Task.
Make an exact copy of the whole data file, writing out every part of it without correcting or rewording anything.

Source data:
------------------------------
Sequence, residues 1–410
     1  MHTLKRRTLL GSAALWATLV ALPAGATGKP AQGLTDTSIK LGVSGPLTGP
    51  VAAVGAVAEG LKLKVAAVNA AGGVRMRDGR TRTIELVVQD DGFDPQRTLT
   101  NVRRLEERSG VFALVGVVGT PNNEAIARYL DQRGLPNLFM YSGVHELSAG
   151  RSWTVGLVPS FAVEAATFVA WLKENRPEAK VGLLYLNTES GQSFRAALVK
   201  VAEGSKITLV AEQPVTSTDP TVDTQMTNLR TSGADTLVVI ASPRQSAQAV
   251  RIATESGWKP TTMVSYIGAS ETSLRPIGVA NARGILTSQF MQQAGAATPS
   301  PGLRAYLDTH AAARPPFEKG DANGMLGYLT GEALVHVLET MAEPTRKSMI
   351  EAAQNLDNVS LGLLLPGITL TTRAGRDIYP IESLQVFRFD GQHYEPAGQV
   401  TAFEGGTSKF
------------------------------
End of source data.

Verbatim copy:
Sequence, residues 1–410
     1  MHTLKRRTLL GSAALWATLV ALPAGATGKP AQGLTDTSIK LGVSGPLTGP
    51  VAAVGAVAEG LKLKVAAVNA AGGVRMRDGR TRTIELVVQD DGFDPQRTLT
   101  NVRRLEERSG VFALVGVVGT PNNEAIARYL DQRGLPNLFM YSGVHELSAG
   151  RSWTVGLVPS FAVEAATFVA WLKENRPEAK VGLLYLNTES GQSFRAALVK
   201  VAEGSKITLV AEQPVTSTDP TVDTQMTNLR TSGADTLVVI ASPRQSAQAV
   251  RIATESGWKP TTMVSYIGAS ETSLRPIGVA NARGILTSQF MQQAGAATPS
   301  PGLRAYLDTH AAARPPFEKG DANGMLGYLT GEALVHVLET MAEPTRKSMI
   351  EAAQNLDNVS LGLLLPGITL TTRAGRDIYP IESLQVFRFD GQHYEPAGQV
   401  TAFEGGTSKF